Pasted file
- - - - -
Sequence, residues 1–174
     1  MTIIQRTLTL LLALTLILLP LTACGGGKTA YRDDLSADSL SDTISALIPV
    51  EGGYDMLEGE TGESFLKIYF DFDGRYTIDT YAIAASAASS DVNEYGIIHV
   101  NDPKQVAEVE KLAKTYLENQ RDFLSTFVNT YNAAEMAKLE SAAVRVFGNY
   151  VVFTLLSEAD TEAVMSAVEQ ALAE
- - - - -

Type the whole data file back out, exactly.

Sequence, residues 1–174
     1  MTIIQRTLTL LLALTLILLP LTACGGGKTA YRDDLSADSL SDTISALIPV
    51  EGGYDMLEGE TGESFLKIYF DFDGRYTIDT YAIAASAASS DVNEYGIIHV
   101  NDPKQVAEVE KLAKTYLENQ RDFLSTFVNT YNAAEMAKLE SAAVRVFGNY
   151  VVFTLLSEAD TEAVMSAVEQ ALAE